Oprah Winfrey had one of the great successes in modern television with the long-running “The Oprah Winfrey Show.”
The syndicated talk program was a cultural phenomenon and ratings juggernaut that changed how American consumers shopped and thought and anchored a series of flourishing businesses.
Winfrey ended the show in 2011 after 25 years on the air. And her business track record since then has been more mixed.
With the prospect of the mogul challenging President Trump at once galvanizing progressives and repelling conservatives, that résumé is likely to be scrutinized. Many of the discussions after Winfrey’s rousing Golden Globes speech center on questions of politics and personality. But not to be discounted is her record as an entrepreneur post-show.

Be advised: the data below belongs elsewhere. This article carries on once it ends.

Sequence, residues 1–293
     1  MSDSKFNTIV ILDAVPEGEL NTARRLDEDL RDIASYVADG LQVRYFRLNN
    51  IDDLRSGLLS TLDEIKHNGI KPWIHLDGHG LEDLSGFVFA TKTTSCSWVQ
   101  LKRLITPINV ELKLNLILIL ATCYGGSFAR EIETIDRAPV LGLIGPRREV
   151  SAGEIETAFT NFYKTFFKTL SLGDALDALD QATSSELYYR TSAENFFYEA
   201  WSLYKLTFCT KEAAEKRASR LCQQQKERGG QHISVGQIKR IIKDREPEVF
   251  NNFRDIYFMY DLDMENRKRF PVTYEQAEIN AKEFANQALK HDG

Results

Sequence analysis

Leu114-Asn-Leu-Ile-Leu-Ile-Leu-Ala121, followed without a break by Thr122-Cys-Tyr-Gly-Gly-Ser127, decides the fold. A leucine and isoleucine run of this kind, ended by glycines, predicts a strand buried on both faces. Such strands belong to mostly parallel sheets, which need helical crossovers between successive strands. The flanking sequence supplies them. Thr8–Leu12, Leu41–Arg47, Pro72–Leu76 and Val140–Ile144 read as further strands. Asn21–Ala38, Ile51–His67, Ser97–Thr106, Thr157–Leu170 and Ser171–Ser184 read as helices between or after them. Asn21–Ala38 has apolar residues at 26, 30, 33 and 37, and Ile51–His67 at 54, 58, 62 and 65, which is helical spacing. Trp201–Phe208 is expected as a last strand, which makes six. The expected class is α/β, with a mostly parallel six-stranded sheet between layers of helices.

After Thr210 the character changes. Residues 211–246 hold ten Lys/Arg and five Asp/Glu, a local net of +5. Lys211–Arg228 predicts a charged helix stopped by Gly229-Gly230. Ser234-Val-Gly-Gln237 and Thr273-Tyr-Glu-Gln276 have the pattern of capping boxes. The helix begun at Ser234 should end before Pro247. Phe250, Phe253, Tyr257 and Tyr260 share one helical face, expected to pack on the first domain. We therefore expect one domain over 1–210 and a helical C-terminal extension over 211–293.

Winfrey’s biggest swing has been with OWN, the basic-cable network she launched seven years ago in 80 million homes as a 50-50 joint venture between her Harpo, Inc. and Discovery. A ratings drag in its early years — much of its self-help-oriented programming did not land, hindered by the fact that Winfrey did not appear in it — and a series of layoffs followed.
Winfrey’s empire is no doubt lucrative — Forbes put her worth at $3 billion in 2017, making her the world’s richest African American. (Incidentally, that level of business success, while helping to cement her case for the country’s top executive position, could also paradoxically be a stumbling block to it. The Ethics Reform Act of 1989 forbids many government officials from allowing their names to be used by an outfit that “provides professional services involving a fiduciary relationship.” Like the man she would presumably challenge, Winfrey would seem to be a prime candidate for this statute, since much of her success is tied to her brand.)
(Excerpt) Read More at: WashingtonPost.com